The Daily Tar Heel

Serving the students and the University community since 1893

Wednesday December 8th

N.C. State Student Loses Bid fo Raleigh City Council

N.C. State senior Thomas Croom lost to longtime incumbent Benson Kirkman by a wide margin for the District D seat, which contains N.C. State.

Kirkman received 69 percent of the vote, while Croom had 19 percent.

Croom blamed poor voter turnout for his loss.

"There was just low turnout in general ... but obviously the opposition had good turnout," he said.

Croom said he has lived in District D since 1983 and decided to run after seeing candidates run virtually unopposed and then ignore students in the area.

Croom said he tried vigorously to raise awareness and register voters on campus.

"One thing I was definitely proud of was that all of the workers in my campaign were students," Croom said.

He said he hopes the students who helped him will run for campus positions in the future and influence future students to vote in local elections.

Croom also said he hopes that students will pay more attention to local politics in the future, realizing the effect city policies can have on the university population.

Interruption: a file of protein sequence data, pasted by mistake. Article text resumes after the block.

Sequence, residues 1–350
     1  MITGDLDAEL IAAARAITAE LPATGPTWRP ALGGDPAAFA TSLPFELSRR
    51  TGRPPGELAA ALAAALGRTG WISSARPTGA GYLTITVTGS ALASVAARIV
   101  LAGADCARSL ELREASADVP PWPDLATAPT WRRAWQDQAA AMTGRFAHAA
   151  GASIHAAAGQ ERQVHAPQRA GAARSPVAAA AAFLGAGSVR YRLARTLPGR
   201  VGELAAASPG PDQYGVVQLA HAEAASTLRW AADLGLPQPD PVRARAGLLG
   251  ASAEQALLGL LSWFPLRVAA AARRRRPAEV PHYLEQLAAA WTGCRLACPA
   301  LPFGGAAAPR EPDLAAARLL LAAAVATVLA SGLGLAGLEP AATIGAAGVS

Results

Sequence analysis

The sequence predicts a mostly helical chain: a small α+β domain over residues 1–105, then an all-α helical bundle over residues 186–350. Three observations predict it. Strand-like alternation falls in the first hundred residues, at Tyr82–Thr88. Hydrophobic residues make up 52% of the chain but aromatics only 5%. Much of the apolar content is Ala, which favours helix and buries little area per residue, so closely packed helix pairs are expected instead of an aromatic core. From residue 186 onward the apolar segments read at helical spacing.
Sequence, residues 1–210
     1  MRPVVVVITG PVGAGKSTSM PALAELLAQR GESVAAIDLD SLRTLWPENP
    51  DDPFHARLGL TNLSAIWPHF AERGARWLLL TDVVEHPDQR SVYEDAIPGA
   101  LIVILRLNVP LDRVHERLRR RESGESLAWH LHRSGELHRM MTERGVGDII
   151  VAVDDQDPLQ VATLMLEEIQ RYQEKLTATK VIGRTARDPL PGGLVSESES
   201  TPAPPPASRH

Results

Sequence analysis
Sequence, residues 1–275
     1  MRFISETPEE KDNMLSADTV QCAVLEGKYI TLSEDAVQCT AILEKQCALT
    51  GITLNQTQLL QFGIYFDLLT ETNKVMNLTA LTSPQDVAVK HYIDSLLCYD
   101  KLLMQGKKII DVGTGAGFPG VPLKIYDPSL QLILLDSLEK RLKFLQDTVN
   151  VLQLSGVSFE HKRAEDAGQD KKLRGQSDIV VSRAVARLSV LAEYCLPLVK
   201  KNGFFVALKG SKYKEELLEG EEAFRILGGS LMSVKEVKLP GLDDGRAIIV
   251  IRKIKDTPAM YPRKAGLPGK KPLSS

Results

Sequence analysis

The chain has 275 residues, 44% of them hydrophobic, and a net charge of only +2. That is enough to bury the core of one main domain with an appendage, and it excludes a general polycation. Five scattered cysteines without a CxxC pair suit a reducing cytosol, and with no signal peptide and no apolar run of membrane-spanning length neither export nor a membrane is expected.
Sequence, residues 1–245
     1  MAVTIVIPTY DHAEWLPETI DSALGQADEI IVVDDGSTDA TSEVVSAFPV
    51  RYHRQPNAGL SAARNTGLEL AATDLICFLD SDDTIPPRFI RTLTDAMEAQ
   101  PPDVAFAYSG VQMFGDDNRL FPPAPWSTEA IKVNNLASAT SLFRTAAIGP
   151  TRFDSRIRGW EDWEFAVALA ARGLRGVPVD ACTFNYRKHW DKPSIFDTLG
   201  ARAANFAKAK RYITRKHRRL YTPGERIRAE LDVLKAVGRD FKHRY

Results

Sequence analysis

W. Benson Kirkman said he was quite pleased with his win, receiving 69 percent of the vote in his district, the second highest percentage of any candidate in Wake County.

"We ran a campaign based on hard work and honesty, overall a positive campaign," Kirkman said.

He said he would keep holding office hours on campus for N.C. State students to personally address problems to him.

"I will continue to strengthen my partnership with student government, and try to get more students on advisory bodies in the city's government," Kirkman said.

Key issues Kirkman said he will continue to work on are revitalizing the business district of Hillsborough Street, put in round-a-bouts on Hillsborough Street and work on installing a state-of-the-art crosswalk there as well.

Kirkman, who boasts three degrees from N.C. State, said his heart is still in education. "I am the same person I was before I was elected," he said. "I am just going to keep working as hard as I possibly can."

UNC Association of Student Governments President Andrew Payne, who attends N.C. State, said it was harder to attract student voters because it was an off election year, one without a presidential race or other significant issues.

Payne said he saw this race as a great stride in student involvement in community politics. "What better way is there for students to get involved in local politics than to run?"

Croom said he has confidence in Kirkman's political abilities but also mentioned he might run again in the future.

But Croom said he has other issues on his mind. "My most immediate concern now is graduation."

The State & National Editor can be reached at stndesk@unc.edu.

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